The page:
Wednesday, August 31, 2016

Can Journalism Sustain in the 21st Century?

Erin Franczak
Journalism has always been considered a necessary evil. It helps to keep politicians and the powerful at bay, but also breeds "untrustworthy money-driven, privacy invaders" with a few more negative connotations. This article demonstrates why defining journalism is important.  Even with some of these negatives, journalism thrived, that is until it met its match, technology, and was almost defeated, barely surviving.

Journalism began when society emerged. It may not have been considered news yet, but it was around.  To survive and thrive, people need to communicate. At this time, it may have just been considered gossip, but people needed it to survive. Even today, most start our conversations still featuring some form of information sharing. We also would not be able to function without news. The chapters read used the example of censorship. Why does a dictator first take away the news? Because that is how to keep leaders transparent and government in check.

When technology began to increase and gave way to social media, journalists struggled to keep up. They were used to being in control of the news, rather than watching the audience do their work. Instead of focusing on the new opportunities that can give way, some faltered on their ethics and principles.

According to The Elements of Journalism by Bill Kovach and Tom Rosenstiel, some journalists began to focus on keeping their jobs rather than respecting the code of ethics. This meant that they may have begun taking bribes or exaggerating stories or any other way to keep views attentive and cash coming in. This produced more problems with viewers distrusting the identity of journalism.

The chapters I read also mention the ways that journalism should have evolved within the times. Kovach and Rosential said that for journalism to continue, so must ethics. I feel strongly with this statement that journalism can once again flourish if the steps of this article are listened to and followed well.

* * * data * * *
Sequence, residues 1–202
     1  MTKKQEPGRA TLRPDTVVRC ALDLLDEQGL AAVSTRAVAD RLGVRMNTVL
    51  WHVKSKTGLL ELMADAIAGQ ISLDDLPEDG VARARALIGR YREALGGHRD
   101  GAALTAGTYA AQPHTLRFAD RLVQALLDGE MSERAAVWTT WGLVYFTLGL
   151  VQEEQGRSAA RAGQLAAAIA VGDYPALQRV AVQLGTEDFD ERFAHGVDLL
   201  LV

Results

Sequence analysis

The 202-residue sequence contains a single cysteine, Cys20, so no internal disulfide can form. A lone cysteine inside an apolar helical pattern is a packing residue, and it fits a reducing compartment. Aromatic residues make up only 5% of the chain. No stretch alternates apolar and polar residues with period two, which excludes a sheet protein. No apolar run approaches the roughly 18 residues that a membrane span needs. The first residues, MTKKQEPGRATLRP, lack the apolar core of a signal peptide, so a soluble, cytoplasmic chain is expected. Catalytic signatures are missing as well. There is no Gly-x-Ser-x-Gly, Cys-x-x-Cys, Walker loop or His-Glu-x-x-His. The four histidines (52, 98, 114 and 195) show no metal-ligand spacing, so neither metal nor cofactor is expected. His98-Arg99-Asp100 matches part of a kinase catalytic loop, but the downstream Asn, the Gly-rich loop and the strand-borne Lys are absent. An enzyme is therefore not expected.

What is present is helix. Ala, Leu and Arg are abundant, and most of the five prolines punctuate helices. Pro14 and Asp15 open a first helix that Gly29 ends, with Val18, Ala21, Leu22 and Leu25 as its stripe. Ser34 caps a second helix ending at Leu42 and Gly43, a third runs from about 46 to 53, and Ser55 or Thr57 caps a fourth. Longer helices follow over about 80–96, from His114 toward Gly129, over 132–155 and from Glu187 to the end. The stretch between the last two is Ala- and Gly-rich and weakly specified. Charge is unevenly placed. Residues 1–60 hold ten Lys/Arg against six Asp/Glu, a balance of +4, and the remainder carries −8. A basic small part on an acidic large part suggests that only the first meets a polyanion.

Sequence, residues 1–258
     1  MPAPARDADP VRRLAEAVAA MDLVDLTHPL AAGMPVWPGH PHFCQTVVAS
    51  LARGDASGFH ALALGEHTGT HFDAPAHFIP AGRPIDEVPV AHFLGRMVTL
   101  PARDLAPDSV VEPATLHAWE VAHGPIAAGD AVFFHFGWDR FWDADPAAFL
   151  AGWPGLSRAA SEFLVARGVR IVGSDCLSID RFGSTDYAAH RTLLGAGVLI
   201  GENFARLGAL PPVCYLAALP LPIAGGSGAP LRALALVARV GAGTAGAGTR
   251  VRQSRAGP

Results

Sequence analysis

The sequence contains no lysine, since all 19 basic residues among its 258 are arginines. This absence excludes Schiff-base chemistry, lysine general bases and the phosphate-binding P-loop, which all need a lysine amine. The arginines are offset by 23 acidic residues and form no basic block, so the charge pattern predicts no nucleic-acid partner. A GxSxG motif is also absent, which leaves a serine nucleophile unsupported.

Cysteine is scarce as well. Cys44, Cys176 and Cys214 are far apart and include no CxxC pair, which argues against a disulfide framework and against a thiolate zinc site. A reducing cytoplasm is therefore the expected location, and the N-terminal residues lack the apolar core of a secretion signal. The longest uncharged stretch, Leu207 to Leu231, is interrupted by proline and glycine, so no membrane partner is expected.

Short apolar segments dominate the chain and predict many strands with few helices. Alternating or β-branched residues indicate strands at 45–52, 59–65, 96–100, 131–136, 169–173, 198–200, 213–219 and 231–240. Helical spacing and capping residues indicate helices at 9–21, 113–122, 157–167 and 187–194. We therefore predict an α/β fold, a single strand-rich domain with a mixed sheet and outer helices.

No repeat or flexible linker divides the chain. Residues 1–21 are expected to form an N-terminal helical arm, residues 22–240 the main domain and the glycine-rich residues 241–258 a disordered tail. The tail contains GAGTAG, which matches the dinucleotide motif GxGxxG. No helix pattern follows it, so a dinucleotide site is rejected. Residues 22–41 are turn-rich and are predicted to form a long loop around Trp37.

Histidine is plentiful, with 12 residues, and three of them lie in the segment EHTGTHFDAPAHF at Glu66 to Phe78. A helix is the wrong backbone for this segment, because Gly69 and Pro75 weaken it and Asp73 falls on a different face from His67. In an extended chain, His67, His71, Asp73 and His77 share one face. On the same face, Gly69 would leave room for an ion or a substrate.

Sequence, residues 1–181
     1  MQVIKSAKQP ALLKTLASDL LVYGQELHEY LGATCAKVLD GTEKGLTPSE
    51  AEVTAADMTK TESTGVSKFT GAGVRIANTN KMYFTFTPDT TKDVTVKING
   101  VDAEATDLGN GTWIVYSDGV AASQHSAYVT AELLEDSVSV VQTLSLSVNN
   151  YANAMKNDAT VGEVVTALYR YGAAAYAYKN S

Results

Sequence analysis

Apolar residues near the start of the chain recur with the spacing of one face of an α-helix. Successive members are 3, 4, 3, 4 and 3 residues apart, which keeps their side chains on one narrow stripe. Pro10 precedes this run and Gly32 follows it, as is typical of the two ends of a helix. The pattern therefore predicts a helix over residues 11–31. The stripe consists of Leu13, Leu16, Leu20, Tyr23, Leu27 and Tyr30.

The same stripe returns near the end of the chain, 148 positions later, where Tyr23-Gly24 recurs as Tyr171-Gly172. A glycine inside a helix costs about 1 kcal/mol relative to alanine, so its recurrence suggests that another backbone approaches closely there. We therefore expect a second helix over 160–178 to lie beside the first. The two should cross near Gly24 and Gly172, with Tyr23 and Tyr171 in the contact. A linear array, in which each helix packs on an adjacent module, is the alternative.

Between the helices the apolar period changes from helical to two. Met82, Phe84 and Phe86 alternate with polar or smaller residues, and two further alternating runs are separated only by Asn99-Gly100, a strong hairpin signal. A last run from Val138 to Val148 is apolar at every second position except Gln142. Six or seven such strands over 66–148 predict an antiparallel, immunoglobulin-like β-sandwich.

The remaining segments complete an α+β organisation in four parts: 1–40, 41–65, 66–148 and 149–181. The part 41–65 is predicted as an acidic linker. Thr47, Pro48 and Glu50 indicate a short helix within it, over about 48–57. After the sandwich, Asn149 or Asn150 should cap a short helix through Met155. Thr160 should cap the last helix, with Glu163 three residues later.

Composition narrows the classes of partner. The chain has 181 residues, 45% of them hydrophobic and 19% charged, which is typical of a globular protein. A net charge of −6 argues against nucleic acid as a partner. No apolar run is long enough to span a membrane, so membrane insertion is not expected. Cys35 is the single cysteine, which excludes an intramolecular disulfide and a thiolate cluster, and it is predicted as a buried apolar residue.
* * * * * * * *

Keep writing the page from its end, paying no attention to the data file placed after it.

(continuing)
The writers state that we are no longer just writers. We must take all the user-generated content and the information we receive and sort through it. We need to find the best information and help the audience to understand it. We need to organize entertainment, news, relevance and current events.

Journalists also need to focus on using social media to their advantage. One really great example is when Cosmo took to snapchat. They use just enough content to get the reader interested, but also don't overload the page. It makes me really want to buy a subscription to Cosmo, but I'm too broke. Cosmo also interacts with readers through Snapchat by adding little bits that say things like, "Share with the squad if all your convos take place on Snapchat because having a track record of your texts is stressful AF."

Something like this is going to be shared and more people will be checking out Cosmo on Snapchat and through their magazines. Other magazines and papers use this tool as well. I just tend to gravitate towards it because they are so interactive with the user. Twitter and Facebook are two other prime examples of using social media to get in touch with viewers. I am constantly checking USA Today's and Fox 8's facebook page. Iphone and Android apps are also another way to interact with users and get more of an audience.

So, in my opinion, journalism CAN sustain itself in the 21st century.

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